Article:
OP’s posts: |
Niffler75 Sat 25-Apr-20 14:32:59

@mahrezzy Aaaah so hard! 💐My son was the same at age 3. Nightimes were tough.
I used a teddy if my son would not let me comfort him. I would sit near him with teddy and offer hugs while hugging teddy, interact with teddy like you are talking to your son.
Does he have a fave blanket he can wrap himself in. My son used one, them started to ask for it with my perfume on, and he still sleeps with this. He is 9 now.
Remember this is him communicating distress. He is too young to put into words how he is feeling. Try to be a calm presence. These things will get better with time!

ifchocolatewerecelery Sat 25-Apr-20 23:03:53

I was going to give you advice based on my experience but then I remembered the video that went viral at the beginning of the year. Unfortunately I can't share the link to it but google holding the space viral video and also watch the video of the father explaining the story behind it. It's a 3 minute video of a meltdown that lasted for about 45 minutes.

It's very similar to what I do. My LO doesn't always want to be touched and anything I say can make it worse.

I gave milk in a baby bottle at the end of a meltdown until my LO was 3.5 when they started biting through the teat. I would also do a change of place so when they woke crying in the night we'd either go downstairs for a cuddle or she'd come in with me. I live in a safe area and you'd also see me carrying her a short walk around the estate at literally any time of the day or night. Now she's been home nearly 2.5 years and is 4, she will seek a drink with a straw to help or ask to go a little walk when she's feeling overwhelmed.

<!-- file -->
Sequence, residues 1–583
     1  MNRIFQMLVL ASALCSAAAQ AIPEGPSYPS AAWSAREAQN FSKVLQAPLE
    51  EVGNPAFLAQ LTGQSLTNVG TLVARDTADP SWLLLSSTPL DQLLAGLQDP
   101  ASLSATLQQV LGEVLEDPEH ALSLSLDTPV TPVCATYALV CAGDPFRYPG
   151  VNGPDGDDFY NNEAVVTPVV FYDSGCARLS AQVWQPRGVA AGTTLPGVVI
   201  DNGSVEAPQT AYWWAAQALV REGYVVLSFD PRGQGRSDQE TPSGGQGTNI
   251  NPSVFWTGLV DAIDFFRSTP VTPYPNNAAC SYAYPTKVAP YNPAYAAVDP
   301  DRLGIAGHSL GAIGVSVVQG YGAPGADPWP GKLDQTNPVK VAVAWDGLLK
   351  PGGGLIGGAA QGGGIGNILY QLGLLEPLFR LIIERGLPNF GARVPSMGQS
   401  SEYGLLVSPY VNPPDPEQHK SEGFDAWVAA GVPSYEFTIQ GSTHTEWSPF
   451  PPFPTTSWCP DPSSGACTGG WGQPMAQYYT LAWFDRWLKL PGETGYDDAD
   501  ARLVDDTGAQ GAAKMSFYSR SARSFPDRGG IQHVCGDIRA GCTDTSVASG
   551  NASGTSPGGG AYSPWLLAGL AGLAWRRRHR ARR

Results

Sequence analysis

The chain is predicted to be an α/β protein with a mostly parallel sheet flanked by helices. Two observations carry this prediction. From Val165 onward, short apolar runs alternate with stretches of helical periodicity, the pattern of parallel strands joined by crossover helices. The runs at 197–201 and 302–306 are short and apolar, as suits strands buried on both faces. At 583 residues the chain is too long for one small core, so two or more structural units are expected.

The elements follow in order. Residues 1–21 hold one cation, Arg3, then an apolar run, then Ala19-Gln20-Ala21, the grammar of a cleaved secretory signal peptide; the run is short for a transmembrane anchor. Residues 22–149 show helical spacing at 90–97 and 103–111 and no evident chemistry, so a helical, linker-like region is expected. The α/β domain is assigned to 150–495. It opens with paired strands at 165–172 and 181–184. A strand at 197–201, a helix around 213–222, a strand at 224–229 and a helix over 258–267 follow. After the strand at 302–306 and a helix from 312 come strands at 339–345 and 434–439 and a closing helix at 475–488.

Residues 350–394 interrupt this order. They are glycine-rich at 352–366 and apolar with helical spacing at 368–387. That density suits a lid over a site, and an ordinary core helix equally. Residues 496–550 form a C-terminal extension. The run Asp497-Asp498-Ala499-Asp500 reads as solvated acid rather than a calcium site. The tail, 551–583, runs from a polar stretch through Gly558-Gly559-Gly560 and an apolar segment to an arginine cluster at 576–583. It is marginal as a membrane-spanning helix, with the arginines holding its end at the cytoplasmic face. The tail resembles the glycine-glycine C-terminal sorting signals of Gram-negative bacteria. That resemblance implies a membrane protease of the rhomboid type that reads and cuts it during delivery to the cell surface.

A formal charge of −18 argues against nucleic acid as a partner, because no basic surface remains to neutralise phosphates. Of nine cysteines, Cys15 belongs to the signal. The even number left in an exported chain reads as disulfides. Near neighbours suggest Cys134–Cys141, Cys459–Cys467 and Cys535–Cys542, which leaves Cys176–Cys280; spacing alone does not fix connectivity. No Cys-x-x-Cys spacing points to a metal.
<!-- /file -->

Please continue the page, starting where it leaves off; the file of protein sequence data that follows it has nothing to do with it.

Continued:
EightWellies Sun 26-Apr-20 07:24:16

I think there's a distinction to be made between tantrums, which most 21 month olds will have and the signs of grief and distress that your wee one will be showing. I would handle the two differently - kind firmness for tantrums, staying close and what has been suggested above re the teddy for grief. He's confused and scared. Three weeks sounds like really long Intros. Is there any chance of them being shortened? The sleeping thing in particular - he's off to sleep without knowing if you will be there when he wakes up. How unsettling for him. This process is so hard, his whole world is turning upside down and you're expected to start parenting from scratch with an audience. There's really no way other than to go through it and start rebuilding on the other side. Once you are home it should gradually get easier, though it sounds like you may have to consider cosleeping etc in the early days.